Please enjoy this scene, which was cut from Among the Red Stars due to length. Like many other scenes in the book, it is based on a real incident.
The night had grown so dark that I could barely tell when I emerged from the clouds. The moon had vanished. I kept an eye on the soft phosphorescent faces of the instruments.
As I drew near our home airfield, I scanned the ground for the familiar yellow specks of light. Nothing. It’s always farther than you think, I told myself, but this time it seemed to be even farther than usual. I tried to keep the anxiety out of my voice as I asked, “Iskra? Where’s our airfield?”
“Don’t you dare tell me we’re lost!” The anxiety bubbled up into outright fear. I tried to smother it in annoyance. “We were having such a good night!”
“…We aren’t lost. I know exactly where we are. And, well, we’re right on top of the airfield.”
“Where are the lights?”
A green signal flare broke the darkness, the sign that we were cleared to land.
“Without lights?” I snapped. “What do they expect from us?”
“Settle down, baby cousin.” Iskra’s voice was cool and easy. “We can land her. Our altitude is 900 meters. The airfield is at 126 meters. You’ve just got to take her down 774 meters. Give or take the error from weather changes, of course.”
“Simple,” I grumbled. I brought the U-2 down as slowly as I could. My nerves tensed more with every revolution of the altimeter. The gauge with its short hand and its long hand, black against a radium-green background, measured our altitude using air pressure. As the night grew colder and the pressure changed, its reading deviated too low. And if a sudden warm front moved in, it could tell us that we were level with the airfield while we ran head-on into a cliff face.
“I could correct for this if I knew the temperature,” Iskra muttered to herself. And then, “We’re almost on the ground!”
The altimeter read 10 meters, but we were probably higher. I asked, “How do you know?”
“I can smell the dirt.”
“Oh good, we’re navigating by smell now.” I slowed the plane down to near its stall speed, squinting into the darkness for any sign of the ground. I braced myself for the sudden jolt of the airstrip. Then the rhythmic tick of our engine changed. It sped up, then turned into an irregular throb. As I reached to adjust the throttle, I frowned. The rumble I could feel through the seat was as steady as ever. The engine was running fine. So what was I hearing?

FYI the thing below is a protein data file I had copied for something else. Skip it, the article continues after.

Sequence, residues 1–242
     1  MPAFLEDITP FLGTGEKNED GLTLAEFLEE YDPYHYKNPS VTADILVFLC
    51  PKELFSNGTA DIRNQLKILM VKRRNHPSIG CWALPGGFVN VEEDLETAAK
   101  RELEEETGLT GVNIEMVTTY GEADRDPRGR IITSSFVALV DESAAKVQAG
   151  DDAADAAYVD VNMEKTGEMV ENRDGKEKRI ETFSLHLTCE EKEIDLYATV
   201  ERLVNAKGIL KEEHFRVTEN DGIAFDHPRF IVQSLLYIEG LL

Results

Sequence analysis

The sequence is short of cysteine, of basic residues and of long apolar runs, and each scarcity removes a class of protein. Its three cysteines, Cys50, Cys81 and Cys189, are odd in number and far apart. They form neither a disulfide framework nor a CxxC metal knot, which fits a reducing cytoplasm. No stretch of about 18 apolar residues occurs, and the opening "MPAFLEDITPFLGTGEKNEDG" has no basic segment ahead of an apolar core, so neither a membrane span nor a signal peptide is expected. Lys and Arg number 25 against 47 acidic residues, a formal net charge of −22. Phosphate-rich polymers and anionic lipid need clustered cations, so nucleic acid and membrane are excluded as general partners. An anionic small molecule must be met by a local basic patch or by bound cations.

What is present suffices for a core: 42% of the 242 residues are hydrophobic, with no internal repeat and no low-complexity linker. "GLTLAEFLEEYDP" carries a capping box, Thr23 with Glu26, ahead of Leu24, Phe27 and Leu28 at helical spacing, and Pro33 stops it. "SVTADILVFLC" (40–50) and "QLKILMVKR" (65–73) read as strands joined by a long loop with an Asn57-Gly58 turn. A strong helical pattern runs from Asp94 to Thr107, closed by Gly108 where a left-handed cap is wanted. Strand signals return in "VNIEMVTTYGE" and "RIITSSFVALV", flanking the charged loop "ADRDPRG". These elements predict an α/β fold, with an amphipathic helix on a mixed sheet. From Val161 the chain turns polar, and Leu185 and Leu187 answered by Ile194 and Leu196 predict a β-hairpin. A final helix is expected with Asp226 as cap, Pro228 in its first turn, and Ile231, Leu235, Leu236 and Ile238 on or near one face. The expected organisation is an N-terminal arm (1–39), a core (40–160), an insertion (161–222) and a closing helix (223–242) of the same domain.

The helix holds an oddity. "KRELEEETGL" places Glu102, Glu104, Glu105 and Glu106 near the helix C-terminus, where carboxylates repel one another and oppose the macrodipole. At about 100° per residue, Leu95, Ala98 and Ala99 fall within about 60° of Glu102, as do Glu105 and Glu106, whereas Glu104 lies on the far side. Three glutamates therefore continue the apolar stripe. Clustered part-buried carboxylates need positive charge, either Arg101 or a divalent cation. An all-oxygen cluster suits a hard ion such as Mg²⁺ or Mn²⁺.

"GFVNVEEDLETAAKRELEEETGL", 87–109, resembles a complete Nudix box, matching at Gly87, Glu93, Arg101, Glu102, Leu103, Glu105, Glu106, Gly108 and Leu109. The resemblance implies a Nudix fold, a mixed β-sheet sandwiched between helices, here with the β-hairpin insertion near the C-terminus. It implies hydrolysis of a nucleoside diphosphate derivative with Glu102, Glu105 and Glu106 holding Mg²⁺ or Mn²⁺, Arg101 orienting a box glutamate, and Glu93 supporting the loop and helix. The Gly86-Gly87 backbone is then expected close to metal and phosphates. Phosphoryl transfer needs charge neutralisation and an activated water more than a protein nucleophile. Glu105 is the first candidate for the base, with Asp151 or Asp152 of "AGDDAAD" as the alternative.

A half-remembered fragment of a lesson drifted into my mind, something from our training in Engels. Interference patterns. The irregular noise made by two propellers close to each other.
“There’s another plane!” I screamed, hitting the throttle and pulling up. I felt the wind off another set of wings not a meter starboard.
“Tanya and Vera must have tried to land at the same time as us,” I said when we were back in the open sky. They hadn’t crashed; I would have heard it. Had they landed or pulled out? Were they still circling in the darkness nearby?
“We’re all right. Just take us in again,” Iskra said, her gasping breath betraying that she was as shaken up as I was. “That was…that was close.”
I had no choice but to try again, even though my heart was drumming out its own interference pattern. I glanced at the fuel gauge. In a few minutes we’d be forced to land in any case.
Salvation came in two cones of light. They were dimmer than the usual lanterns and they overlapped slightly, illuminating the airfield at a sharp angle that made every pebble cast a long black shadow. The runway was clear.
“Are those car headlights?” asked an incredulous Iskra.
I wasn’t about to wait to find out. I brought Number 18 down by the makeshift illumination and made a landing hard enough that my teeth rattled in my head. When we had our feet on solid earth, we hugged and looked at each other. Iskra burst out laughing. “Your face is covered in soot!”
“So is yours!”
We wiped the soot off as well as we could on the sleeves of our flight suits, but mostly succeeded in smearing it around.
“Is that the last one?” came Major Bershanskaya’s voice from the cab of the truck.
“For the moment,” replied our chief of staff. The headlights went out.
A couple of flashlight beams danced yellow circles on the surface of Number 18 as the mechanics wheeled it off to a hardstand. I hesitantly asked them, “Did Tanya and Vera land okay?”
A lanky arm settled around my shoulders and Tanya’s voice, cool and sardonic as ever, said, “We were about to ask the same thing about you. Nice job on the bombing run, you lucky freaks, but then you nearly knocked off our port wings!”
“You put her down safely in total darkness?” asked Iskra. “How did you know where the ground was?”
The click of a striker and a lighter flame illuminated Vera’s round face. She said, “I don’t trust altimeters. I always carry a thermometer.”
Iskra’s voice was tinged with awe. “I think I’m in love with you.”
“You’re sweet. But I’m taken.” Vera pulled Tanya over to her and kissed her.
Iskra and I stumbled off through the dark to report. I found Bershanskaya in the cab of the truck with our chief of staff, using a map light to look at the flight plan.
Temporarily forgetting myself, I demanded, “What was that about?”
Bershanskaya said, “Sorry about that, Korolyova. The Luftwaffe was out in force tonight. If we’d set out the lights, every fighter on the peninsula would have been on top of us.”
“Tanya was nearly on top of us!”
She leaned her head on her hand. “Are you here to report or complain?”
“Right.” I straightened up. “The target has been eliminated, ma’am.”
“I’d say more than eliminated,” Iskra elaborated. “It was a fuel train. We hit it dead on. The fireball must have been a kilometer high. They’ll have quite a job putting those tracks back together after the crater we put in them.”
“You did?” Bershanskaya scrambled out of the cab and grabbed her binoculars. Her face split into that big, honest grin. “You did! Well done, my eaglets!”
At dawn, we danced on the airfield.